Saturday 16 July 2016

'Lawless and the Flowers of Sin' Seven Sins Blog Tour

Hello lovely people. One of my favourite things is the idea of the seven deadly sins especially when this is incorporated into fiction. Enter Lawless and the Flowers of Sin...A book I have been waiting for for years! So without further ado I'm going to hand over to William Sutton to take you on a Slothful ride through crime fest!...

Hello, hello, I’m William Sutton, author of Lawless and the Flowers of Sin, published by Titan Books. To celebrate, I’m touring blogs sharing my sinful thoughts.

Sloth - “You done the time, now do the CrimeFest #2”

The hard way to improve in crime writing is to read and write, read and write until your eyes hurt and your hand aches. The slothful way is to go to CrimeFest. Meeting lovely people, discovering new writers, discussing linguistic analysis at the bar. I enjoyed Bristol CrimeFest so thoroughly it was sinful. I’ve signed up for next year already. Aside from sitting around with people, eating, drinking and making merry (shout out to Titan Books’ publicists, my editor and other writers), there was sharp chat in the panels below.

I recommend the great crime festivals, Harrogate, or Bloody Scotland , to any writer, or reader, where you can slothfully improve your crime thinking without even opening a notebook.

Bristol sends me into a creative brain sphere. On the train there, I met a social worker whose stories were darker than Lawless and the Flowers of Sin: murder, incest, police corruption. It gave me wonderful insights to share with our Murder at the Theatre workshops at the New Theatre Royal, followed by Portsmouth Writers' Hub Murder at the Café. Sardonic, witty, revealing, here are the criminal pearls I picked up.

(I’ve been slothful enough to divide it into two blogs. Here is Day 2 For dodgy attribution of quotations, I apologise: my hand-writing’s illegible since recent eye operations; it wasn’t too good before either.)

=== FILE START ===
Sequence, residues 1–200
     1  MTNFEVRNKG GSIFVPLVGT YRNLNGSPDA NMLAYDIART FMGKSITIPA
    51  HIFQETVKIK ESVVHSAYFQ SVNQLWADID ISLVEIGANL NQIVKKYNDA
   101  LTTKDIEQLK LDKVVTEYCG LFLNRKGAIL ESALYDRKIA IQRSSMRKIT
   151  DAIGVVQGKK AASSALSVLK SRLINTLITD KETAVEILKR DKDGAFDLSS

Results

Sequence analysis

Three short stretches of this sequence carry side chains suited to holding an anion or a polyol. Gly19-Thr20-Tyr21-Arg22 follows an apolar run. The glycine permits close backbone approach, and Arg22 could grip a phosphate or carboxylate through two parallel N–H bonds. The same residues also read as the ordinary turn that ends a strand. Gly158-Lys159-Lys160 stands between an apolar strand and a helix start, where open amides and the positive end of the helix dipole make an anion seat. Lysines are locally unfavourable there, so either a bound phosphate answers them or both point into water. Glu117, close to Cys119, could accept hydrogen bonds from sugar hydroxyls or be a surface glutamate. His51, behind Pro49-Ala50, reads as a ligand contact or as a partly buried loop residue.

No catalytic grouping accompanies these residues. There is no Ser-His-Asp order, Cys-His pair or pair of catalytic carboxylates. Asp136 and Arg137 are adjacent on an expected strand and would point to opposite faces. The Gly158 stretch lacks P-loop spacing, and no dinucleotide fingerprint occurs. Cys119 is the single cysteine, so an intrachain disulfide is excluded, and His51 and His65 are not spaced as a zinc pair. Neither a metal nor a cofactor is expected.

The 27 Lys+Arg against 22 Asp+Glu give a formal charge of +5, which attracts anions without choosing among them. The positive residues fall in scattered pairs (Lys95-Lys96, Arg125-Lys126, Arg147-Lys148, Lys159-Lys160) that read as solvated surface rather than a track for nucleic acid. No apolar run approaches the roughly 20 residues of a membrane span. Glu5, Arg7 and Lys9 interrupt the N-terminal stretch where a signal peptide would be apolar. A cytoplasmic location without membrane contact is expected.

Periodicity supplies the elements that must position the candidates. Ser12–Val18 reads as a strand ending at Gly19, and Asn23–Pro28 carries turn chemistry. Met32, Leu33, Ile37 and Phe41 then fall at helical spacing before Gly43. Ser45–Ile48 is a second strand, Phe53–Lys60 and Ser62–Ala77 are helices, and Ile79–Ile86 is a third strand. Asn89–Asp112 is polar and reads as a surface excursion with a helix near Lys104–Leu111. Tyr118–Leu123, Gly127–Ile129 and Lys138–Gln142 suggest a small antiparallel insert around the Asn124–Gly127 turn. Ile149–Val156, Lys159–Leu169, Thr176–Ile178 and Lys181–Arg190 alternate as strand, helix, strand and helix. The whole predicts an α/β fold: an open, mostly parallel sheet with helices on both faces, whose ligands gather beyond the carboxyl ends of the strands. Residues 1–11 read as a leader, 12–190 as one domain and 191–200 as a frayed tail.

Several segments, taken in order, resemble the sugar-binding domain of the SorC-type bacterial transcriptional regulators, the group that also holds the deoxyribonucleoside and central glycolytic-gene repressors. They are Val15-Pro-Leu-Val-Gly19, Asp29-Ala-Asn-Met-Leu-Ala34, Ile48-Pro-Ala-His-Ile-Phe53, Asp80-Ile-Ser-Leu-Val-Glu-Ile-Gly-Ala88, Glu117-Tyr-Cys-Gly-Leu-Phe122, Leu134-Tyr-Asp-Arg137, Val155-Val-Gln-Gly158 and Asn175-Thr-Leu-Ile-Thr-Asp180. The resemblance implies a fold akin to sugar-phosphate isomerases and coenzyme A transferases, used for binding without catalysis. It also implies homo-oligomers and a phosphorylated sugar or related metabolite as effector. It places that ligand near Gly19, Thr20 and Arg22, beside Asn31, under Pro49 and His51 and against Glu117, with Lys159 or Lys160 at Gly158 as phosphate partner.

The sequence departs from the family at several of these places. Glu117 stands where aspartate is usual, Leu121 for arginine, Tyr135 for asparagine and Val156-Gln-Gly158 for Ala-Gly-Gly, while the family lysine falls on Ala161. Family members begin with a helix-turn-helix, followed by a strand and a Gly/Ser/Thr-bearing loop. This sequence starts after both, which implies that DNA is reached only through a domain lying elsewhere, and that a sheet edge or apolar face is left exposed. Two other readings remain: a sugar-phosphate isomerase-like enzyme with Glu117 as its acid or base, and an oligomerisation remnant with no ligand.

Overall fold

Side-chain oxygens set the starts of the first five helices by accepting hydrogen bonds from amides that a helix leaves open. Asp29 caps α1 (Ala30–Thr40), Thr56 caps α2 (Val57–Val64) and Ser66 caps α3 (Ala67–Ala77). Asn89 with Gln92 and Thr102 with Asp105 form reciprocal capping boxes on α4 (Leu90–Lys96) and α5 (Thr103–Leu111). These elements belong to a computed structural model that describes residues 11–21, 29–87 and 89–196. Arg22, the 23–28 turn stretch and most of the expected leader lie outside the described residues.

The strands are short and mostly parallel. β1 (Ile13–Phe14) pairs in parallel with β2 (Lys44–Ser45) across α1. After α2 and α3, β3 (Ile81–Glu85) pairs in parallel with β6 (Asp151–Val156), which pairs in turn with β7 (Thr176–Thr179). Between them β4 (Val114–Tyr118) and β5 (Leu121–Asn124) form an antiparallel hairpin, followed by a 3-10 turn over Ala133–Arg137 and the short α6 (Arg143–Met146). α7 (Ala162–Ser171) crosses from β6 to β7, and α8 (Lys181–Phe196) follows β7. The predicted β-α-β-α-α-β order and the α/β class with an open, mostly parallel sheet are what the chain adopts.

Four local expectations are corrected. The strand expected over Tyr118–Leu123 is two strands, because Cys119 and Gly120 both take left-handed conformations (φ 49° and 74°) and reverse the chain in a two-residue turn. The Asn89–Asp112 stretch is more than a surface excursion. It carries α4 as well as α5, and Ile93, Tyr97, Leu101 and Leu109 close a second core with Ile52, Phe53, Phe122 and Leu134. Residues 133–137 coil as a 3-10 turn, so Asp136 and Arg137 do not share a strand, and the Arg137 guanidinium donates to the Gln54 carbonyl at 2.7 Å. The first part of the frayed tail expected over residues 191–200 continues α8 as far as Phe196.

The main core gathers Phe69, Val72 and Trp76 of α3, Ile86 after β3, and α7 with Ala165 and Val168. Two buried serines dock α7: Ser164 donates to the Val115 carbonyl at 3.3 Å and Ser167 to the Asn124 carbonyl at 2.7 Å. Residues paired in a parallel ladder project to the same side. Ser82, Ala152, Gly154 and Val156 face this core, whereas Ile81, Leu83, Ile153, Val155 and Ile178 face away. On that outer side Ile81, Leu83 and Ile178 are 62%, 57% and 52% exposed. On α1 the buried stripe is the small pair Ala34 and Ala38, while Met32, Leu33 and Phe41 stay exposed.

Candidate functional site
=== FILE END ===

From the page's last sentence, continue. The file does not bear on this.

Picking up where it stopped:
CrimeFest Day 2

Debut Authors: An Infusion of Fresh Blood

“All the characters are composites of people I know. People don’t see the bad in themselves. They don’t say, Oh, I’m the arsehole in Tenacity.” JS Law

"The best way to deal with bad reviews? Sit down next to them in the pub, and say 'Why did you write that?'" Matt Johnson

"Teaching someone in the army to write is a real accomplishment." JS Law to Matt Johnson
“A feeling of loss propelled me to write.” Sarah Ward

“What is a nice person like you doing in a genre like this?” Laura Wilson to Anja de Jager

Using Real People: How Do You Combine Fact and Fiction?

“I read The Times for three months on either side.” Alison Joseph (writing about Agatha Christie) “If it’s spontaneity you’re after, I’m out of here.” David Ashton (Conan Doyle, William McGonagall, R.L. Stevenson)

Audience question: “Is there an unease about writing real people that you might be manipulating them, modernising them?”

“Graham Greene said that all writers must have a sliver of ice in their heart.” Peter Guttridge (Great Train Robbers).

“They’re not writing fictional characters, they’re writing friends and family and traducing them.”

 “We assume that this fiddling with people is negative, but it can be the opposite.” Andrew Taylor (Edgar Allan Poe)

Once Upon a Crime: Long Long Ago

“How do you keep the research under control?” “My editor says, this is lovely, Shone, but...” Shona MacLean

“The stark differences in 19th Century Edinburgh are like Mexico City now. The New Town, the Old Town.” Oscar de Muriel

“Don’t write what you know, write what you’d like to know about.” Linda Stratmann

Call The Cops: Why Do We Love Reading About Our Girls and Boys in Blue?

 “She’s a big fat lass with a face that scares the horses.” Quentin Bates

“Why a theology student? Because he doesn’t really believe in anything.” Ragnar Jónasson

“A homicide cope, and strangely enough, as soon he arrives in the Faeroes, there’s a murder.” Chris Ould

“With every novel you’re trying to solve the problems of previous books, seeking a mix between literary and crime.” Susie Steiner

What’s So Funny? Humour in Crime Fiction

“Incongruity is the essence of comedy.” Ruth Dudley Edwards

Comedy = tragedy + time? “When Paul Daniels died, I thought, ‘Ooh, that’s tragic,’ but I didn’t say it for three months.” Nev Fountain

How many characters should you have?

 “Start off with a few. End with less.” Nev Fountain

On Grantchester: “I write it, then they take all the jokes out.” James Runcie

“We all know in this country you can’t get published if you kill a dog.” Ruth Dudley Edwards

“I don’t read crime. I don’t like panels.” Douglas Lindsay

Check out William Sutton on:
twitter @WilliamGeorgeQ

Don't forget to check out the other stops on the blog tour and the book is out NOOOOW so go and grab yourself a copy!


free hungry shark evolution hack said...

Very interesting post. definitely informative. of all the blogs We have read on the same topic, that one is actually enlightening.

Sudirman Park said...

Woah! I think I must read this book, because I love to read some book with some humor in crime fiction! XD

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